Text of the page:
The Maritime Link connecting Newfoundland and Nova Scotia is getting closer to completion and a new wind energy player is trying to latch on.
Beothuk Energy is planning to build a wind farm in St. George's Bay, off the coast of Stephenville, close to the transmission project.
The company hopes Newfoundland and Labrador government officials will get on board with their proposal when the groups meet in the next couple of weeks.
Once the offshore wind project gets the go ahead, Beothuk Energy CEO Kirby Mercer says it will take five years to see first power.
"Nalcor, they have one shareholder and that's the Crown, which is us, so I think this becomes a political issue," said Mercer.
The project would have a large socioeconomic impact on Newfoundland's west coast, an area Mercer said needs an economic boost.
"I think it's going to be awful hard for the government to say no to this opportunity, because if we don't take it, it's going to happen somewhere else in Atlantic Canada."
Beothuk is also pursuing an offtake agreement with Nova Scotia's private utility, Emera, which is developing the Maritime Link with Nalcor.
The Liberal's campaigned on a five point platform which included diversifying the province's energy generation sources "for domestic use, for regional export and international export," according to Beothuk.
The company's wind farm would be scalable, but Mercer estimates it will likely have 26 turbines in total. The structures would sit in 25-metre water and generate 180 megawatts of energy, costing about 10 cents per kilowatt hour to produce.
"That's designed really to fit within the Newfoundland grid system and to be able to export via the Maritime Link," Mercer said.
"There's excess capacity on that link and we plan to fill it with offshore wind."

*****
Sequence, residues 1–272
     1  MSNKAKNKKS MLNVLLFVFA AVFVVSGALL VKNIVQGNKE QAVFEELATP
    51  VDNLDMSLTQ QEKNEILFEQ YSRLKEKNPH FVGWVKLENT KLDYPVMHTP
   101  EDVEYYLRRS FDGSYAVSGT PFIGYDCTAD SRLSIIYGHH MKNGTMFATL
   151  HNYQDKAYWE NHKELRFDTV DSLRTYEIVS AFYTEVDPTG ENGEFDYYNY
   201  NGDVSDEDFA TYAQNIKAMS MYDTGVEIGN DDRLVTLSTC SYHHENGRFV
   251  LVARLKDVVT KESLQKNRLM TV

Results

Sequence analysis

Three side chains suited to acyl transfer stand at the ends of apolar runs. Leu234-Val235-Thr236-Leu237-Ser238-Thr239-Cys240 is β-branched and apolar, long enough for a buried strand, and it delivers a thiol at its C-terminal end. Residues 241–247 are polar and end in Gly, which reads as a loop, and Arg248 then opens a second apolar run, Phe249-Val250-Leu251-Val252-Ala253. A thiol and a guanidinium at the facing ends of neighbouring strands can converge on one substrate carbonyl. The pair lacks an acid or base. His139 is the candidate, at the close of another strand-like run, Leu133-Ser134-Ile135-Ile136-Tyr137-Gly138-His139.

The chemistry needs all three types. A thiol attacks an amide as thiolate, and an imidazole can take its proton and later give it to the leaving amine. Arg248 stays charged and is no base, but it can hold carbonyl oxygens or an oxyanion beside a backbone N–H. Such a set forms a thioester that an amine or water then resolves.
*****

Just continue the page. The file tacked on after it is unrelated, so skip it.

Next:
Muskrat vs. wind mills
Emera Inc. is slated to carry some of the electricity that will be generated from the Muskrat Falls megaproject once it goes online in Labrador.
Mercer said wind power produced by the St. George's Bay project wouldn't cut into Muskrat's market. It would instead act as another source of electricity.
"Even if we produce everything we have here at Muskrat Falls and Gull Island, we still wouldn't fit all the energy demands south of the border," he said.
"There's a huge marketplace."
The project is forecasted to cost $700 million.
During the manufacturing and installation phases, an estimated 600 direct jobs would be created. There would be about 100 jobs once the project was up and running.
Because of a downturn in the oil and gas sector, Mercer said now is the time to strike.
"You see it in Europe, people that were working in offshore oil and gas have moved to offshore wind," he said.
"Call it from blue collar to green collar."
Beothuk is working on six other wind energy sites in Atlantic Canada. The wind farm off Newfoundland's west coast has the potential to be the first offshore wind energy project in North America.
St. George's Bay offers the conditions that Beothuk Energy needs.
"We have world-class wind. We've got shallow water. We're close to the service port, close to a major airport," Mercer said.
"All the infrastructure that we'd need, we don't have to build that."
Mercer estimates those factors create hundreds of millions of dollars in savings.
Engineering contracts were recently awarded to further study the development of the wind energy project in St. George's Bay. Consultants will have access to established data sets and 67 years of wind data for analysis.